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Several things are referred to as “squibs.” In explosives, a squib is a small explosive device which works almost like a miniature stick of dynamite. The term is also used more generally to refer to deceptively small things, like an explosive comment in a conversation or a small sailboat which can be used for high speed racing. For fans of the Harry Potter novels, a squib is a child born to a magical family who lacks magical ability; the term is taken from an English slang phrase, “squib,” which refers to a firework which fails to ignite.
In the sense of explosives, a squib is a small tube packed with an explosive charge. It can be detonated with a fuse or a remote control, depending on how it is wired. Despite the small size, a squib can pack a serious explosive punch which makes it extremely useful. Early squibs were used to detonate cannons, since their smaller charge could rapidly ignite the powder in the cannon, firing the cannonball.
There are other uses for squibs. These small explosives can cause a rapid expansion of gases, for example, and they are the force behind air bags in cars. Squibs are also used in special effects for film and stage; one common use of squibs is as fake bullets which will explode blood packs worn by actors to make it look as though the actor has been hit. Fireworks professionals may also use squibs in the course of their work, as will other explosive experts.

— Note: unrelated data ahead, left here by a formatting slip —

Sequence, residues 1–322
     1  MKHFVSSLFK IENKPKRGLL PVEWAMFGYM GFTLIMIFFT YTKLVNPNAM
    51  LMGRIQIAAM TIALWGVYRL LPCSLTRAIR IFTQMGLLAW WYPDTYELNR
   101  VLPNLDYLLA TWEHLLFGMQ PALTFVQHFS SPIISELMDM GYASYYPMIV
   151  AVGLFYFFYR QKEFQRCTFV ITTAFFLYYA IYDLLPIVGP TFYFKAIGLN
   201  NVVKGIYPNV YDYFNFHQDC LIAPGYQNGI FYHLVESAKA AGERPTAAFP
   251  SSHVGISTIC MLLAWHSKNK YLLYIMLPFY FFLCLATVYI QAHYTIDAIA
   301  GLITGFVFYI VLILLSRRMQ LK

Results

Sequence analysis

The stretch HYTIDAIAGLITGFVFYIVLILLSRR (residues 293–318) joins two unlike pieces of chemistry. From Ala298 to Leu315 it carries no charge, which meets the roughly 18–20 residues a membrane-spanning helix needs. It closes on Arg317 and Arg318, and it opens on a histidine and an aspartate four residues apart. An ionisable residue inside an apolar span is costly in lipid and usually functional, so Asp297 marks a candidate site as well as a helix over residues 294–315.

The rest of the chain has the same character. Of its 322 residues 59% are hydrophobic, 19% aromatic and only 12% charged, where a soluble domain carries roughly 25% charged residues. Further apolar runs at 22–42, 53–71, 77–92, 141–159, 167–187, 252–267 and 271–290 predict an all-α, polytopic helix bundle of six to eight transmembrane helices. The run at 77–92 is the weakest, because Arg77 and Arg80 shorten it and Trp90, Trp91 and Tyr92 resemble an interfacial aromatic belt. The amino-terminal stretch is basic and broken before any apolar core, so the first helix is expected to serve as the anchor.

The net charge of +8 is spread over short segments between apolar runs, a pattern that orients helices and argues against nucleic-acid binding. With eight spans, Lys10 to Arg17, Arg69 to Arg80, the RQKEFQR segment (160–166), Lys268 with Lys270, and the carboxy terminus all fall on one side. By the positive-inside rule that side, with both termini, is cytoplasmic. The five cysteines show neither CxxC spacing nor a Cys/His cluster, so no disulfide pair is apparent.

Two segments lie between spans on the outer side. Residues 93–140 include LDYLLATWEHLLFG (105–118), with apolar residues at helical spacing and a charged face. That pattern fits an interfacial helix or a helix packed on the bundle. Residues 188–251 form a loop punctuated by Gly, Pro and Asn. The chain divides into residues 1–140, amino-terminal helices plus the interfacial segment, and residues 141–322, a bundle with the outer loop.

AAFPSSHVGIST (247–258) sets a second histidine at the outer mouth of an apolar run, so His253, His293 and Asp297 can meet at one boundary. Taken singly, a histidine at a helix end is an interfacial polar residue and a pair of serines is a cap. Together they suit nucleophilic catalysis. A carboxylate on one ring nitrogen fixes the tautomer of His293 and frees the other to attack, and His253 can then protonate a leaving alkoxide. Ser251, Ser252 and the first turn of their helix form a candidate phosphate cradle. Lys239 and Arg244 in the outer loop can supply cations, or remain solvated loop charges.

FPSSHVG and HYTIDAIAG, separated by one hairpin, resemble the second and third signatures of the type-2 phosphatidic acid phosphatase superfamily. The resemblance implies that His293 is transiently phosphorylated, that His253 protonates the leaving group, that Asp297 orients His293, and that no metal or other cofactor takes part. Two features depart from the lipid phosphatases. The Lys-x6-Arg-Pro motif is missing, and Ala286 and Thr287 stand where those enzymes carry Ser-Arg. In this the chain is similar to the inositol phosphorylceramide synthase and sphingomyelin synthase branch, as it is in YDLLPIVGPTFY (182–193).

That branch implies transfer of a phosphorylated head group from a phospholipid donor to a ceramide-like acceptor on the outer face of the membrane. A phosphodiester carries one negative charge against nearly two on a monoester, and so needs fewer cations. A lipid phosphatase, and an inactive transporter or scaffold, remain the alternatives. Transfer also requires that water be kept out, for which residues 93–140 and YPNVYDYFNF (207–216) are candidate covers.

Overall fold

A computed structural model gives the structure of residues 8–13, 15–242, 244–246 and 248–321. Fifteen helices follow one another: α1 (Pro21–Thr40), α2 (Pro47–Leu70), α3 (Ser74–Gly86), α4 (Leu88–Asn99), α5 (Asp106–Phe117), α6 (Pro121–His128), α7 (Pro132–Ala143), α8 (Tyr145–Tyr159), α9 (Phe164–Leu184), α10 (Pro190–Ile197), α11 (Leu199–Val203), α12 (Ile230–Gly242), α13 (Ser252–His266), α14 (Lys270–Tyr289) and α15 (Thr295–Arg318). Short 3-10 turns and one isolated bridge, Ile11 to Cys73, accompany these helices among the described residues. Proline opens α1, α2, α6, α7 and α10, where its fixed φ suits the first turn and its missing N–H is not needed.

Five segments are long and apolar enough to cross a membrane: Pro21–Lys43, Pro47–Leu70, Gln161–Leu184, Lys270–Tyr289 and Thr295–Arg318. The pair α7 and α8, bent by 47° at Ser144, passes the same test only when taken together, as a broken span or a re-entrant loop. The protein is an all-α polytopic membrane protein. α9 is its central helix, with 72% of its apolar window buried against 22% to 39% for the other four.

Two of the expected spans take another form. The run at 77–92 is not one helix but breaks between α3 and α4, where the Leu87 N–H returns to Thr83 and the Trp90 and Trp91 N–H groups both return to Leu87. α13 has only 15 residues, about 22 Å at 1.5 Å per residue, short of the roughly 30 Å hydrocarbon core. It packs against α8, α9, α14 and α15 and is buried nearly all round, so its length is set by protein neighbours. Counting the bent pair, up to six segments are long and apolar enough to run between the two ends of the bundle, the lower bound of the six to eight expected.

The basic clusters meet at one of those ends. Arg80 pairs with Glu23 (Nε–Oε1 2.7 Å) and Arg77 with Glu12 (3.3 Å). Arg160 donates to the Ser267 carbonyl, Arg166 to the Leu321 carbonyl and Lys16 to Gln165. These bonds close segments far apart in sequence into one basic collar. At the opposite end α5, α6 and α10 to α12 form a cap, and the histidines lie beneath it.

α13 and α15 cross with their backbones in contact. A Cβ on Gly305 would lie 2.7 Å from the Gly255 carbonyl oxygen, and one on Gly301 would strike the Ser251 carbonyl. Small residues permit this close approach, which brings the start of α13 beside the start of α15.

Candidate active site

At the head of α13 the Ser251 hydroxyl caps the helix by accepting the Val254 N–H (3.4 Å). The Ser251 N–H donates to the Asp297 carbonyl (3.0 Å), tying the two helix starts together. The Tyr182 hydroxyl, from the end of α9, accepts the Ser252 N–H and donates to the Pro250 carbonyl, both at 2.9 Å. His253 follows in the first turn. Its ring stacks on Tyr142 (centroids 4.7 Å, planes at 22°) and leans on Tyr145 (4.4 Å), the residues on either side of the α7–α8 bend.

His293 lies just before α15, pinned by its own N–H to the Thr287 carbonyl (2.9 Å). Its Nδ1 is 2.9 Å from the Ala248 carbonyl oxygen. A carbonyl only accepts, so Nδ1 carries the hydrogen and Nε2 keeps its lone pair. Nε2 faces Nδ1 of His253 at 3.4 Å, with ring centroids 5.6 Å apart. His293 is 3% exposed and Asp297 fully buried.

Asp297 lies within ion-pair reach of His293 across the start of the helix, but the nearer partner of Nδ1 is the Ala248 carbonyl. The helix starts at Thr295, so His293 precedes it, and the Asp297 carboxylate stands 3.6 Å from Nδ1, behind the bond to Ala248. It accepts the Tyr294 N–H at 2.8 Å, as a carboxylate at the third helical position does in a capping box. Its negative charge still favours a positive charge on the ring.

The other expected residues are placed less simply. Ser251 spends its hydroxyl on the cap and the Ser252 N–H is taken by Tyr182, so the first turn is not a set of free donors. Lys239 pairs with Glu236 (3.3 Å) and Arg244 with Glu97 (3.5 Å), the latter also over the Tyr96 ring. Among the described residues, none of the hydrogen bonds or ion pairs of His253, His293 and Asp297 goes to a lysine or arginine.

Squibs also pop up in some interesting places. They are the power behind ejection seats in military aircraft, for example, and they are also used in planes to throw out chaff, which distracts approaching aircraft or missiles.
This explosives use led to slang terms like “wet squib,” since a squib which is wet cannot light up, because the moisture soaks the charge and the fuse. Some regions of the world simply refer to any dud firework as a squib.
In the world of Harry Potter, squibs are relatively unusual, and they are sometimes viewed as figures of pity. Because they are born into a magical world, they are aware of their potential, and they may also experience pressure from their families to express magical abilities. Some squibs live at the fringes of the magical world as servants and clerks, while others pursue lives in the muggle community, where they will not be constantly reminded of their failure.